States Are Lobbied to Intervene in Cable Programming Decisions
Several state legislatures are being asked to consider adopting legislation proposed by the NFL Network that would compel vertically integrated cable operators to submit carriage disputes with independent programmers to commercial arbitration if the parties fail to agree on program carriage deals.
The impetus for such legislation was a series of complaints from the NFL Network that vertically integrated cable operators who own competing programming are treating the network unfairly by seeking to place it on a sports programming tier instead of a widely distributed basic, digital programming tier. Subscribers have to pay extra for the sports tier.
Although characterized as "arbitration bills," the legislative proposals go well beyond private dispute resolution. Instead, they effectively require vertically integrated cable operators to carry every sports, news, or entertainment programming service at a price set by an arbitrator on terms and conditions of carriage proposed by the programmer.
In contrast to the federal requirement that the programmer demonstrate discrimination and competitive harm, this legislation would permit a programmer to demand arbitration merely if it believes it is being treated unfairly. And instead of placing review of program carriage complaints with an expert agency such as the Federal Communications Commission (FCC), as the federal requirement does, the proposals before the states would likely result in all disputes going to private arbitration.
Usurping Programming Decisions
Under the legislation proposed in several states--including Illinois, Indiana, North Carolina, Ohio, South Carolina, Texas, and Wisconsin--each independent programming supplier that competes in the same "programming category" as the channel owned by a vertically integrated cable operator has the right to request commercial arbitration if it has "reason to believe that it has not been treated in a fair, reasonable, and non-discriminatory manner concerning carriage of a competing programming channel" on the operator's expanded basic tier.
The "programming categories" that trigger the obligation are quite broadly defined to include sports, news and public affairs, entertainment, or "any other category identified by the American Arbitration Association." As a result, virtually every unaffiliated video programmer will be able to assert "comparability" to something owned by the cable operator.
Under the proposals, the cable operator loses not only the ability to negotiate the all-important terms and conditions of carriage, but also the very basic right to exclude programming it determines it may not want on the price, terms, and conditions offered.
The bills virtually ensure submission of carriage disputes to arbitration by the independent programmer, because they contain absolutely no incentive for the programmer to continue to negotiate if its initial offer is rejected. In the race to the arbitrator's door, the first party to file wins all of its terms and conditions; the issue to be arbitrated is solely the price to be paid by the cable operator.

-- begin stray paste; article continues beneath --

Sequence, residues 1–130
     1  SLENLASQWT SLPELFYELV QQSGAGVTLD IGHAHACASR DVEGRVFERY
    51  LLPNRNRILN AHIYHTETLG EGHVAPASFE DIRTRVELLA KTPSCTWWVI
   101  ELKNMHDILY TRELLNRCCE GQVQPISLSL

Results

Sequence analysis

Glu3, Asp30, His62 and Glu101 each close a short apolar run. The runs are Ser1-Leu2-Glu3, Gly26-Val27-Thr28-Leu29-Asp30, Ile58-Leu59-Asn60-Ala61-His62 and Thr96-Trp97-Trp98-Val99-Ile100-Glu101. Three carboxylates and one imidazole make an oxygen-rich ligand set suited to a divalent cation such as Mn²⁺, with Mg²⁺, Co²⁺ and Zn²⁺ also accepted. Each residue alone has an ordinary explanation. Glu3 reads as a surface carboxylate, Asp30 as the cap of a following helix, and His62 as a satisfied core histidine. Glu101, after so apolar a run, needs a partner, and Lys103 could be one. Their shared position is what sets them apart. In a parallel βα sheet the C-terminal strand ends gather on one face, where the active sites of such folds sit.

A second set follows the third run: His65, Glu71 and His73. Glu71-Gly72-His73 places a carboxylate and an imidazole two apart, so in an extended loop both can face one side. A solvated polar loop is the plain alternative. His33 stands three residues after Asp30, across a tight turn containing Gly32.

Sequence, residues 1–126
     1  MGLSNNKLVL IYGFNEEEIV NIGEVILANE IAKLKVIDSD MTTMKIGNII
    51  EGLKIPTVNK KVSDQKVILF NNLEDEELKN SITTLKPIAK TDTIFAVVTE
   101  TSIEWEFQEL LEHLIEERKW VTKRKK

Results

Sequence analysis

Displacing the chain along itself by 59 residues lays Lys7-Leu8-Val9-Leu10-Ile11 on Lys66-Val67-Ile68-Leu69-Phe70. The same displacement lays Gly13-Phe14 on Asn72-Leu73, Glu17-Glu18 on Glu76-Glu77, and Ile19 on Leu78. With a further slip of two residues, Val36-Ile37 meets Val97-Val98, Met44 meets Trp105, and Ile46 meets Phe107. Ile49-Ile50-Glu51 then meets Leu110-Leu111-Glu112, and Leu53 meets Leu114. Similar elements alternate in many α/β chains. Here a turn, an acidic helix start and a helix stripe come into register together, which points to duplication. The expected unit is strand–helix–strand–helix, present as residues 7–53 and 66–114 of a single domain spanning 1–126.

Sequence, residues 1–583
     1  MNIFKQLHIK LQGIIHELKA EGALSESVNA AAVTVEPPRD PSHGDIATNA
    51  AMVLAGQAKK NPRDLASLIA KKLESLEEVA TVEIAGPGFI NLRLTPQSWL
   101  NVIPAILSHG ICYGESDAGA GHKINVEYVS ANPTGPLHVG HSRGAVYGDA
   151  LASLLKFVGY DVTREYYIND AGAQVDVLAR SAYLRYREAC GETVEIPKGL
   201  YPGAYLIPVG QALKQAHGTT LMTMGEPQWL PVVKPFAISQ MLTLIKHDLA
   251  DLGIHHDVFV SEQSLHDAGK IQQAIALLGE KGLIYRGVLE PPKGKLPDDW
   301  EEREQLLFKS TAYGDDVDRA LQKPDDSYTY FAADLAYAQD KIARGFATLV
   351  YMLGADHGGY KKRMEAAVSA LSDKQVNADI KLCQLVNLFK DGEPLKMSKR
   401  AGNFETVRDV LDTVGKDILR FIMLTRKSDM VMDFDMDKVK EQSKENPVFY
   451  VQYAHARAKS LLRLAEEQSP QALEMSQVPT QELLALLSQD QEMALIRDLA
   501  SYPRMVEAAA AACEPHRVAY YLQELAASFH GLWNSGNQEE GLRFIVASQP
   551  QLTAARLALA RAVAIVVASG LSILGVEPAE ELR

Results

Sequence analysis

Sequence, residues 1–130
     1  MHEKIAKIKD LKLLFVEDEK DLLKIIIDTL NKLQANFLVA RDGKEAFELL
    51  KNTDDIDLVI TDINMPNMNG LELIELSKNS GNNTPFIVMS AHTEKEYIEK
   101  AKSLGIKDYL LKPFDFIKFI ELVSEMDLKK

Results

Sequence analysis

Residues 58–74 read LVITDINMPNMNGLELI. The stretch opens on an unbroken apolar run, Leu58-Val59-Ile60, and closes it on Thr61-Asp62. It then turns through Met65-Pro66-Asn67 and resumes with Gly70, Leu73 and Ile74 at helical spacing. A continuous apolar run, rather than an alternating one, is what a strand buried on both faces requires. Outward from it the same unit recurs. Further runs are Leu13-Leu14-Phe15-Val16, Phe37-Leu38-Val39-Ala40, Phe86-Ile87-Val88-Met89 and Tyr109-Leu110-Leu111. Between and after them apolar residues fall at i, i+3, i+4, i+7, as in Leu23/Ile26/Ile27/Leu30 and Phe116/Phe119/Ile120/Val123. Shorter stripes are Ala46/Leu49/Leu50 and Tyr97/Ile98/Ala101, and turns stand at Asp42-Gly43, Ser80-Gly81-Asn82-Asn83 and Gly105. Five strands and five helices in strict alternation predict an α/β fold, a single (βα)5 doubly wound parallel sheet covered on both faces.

Worse than 'Must Carry'
A requirement to carry a channel or be brought to arbitration and then forced to carry it at a rate determined by a third party is a "must carry" obligation no matter what it is labeled.
But unlike the federal "must carry" obligation for local television station signals, which obligates the cable operator only to carry the programming for free, the new "must carry or arbitrate and carry" proposals obligate the cable operator not only to carry the programming on the terms sought by the independent programmer, but also to pay for the privilege of doing so at prices set by a third party.
It is hard to imagine how the arbitrator is to choose a price best reflecting the "fair market value" of programming carriage rights when the terms and conditions of carriage are set solely by the programming supplier.
Market Should Decide
The mandatory arbitration legislation would effectively turn vertically integrated cable operators into video programming common carriers. They would be unable to decline carriage to any independent programmer who could plausibly allege their programming content is "comparable" to the operator's affiliated programming, and they would be required to pay that programmer a rate determined not to be "just and reasonable" by the expert agency, the FCC, but by an arbitrator whose sole choices would be the "final offers" submitted by the complaining programmer and the defending distributor.
This would be a common carriage obligation, but without any guarantee that the result would be just, reasonable, and in the public interest. It should not be the subject of serious legislative attention at any level of government.
The sooner government officials let the NFL Network know they cannot and will not succeed in obtaining inappropriate government intervention, the sooner commercial negotiations between the network and its would-be distributors will resume. The NFL Network set the original asking price and terms and conditions of the carriage it sought, and it owns the content and can adjust its demands to achieve the widespread distribution it seeks.
The market, not the legislature, is the right place to decide this matter.
Barbara S. Esbin (email@example.com) is director of the Center for Communications and Competition at the Progress and Freedom Foundation in Washington, DC. A longer version of this article originally appeared at the PFF Web site. Reprinted with permission.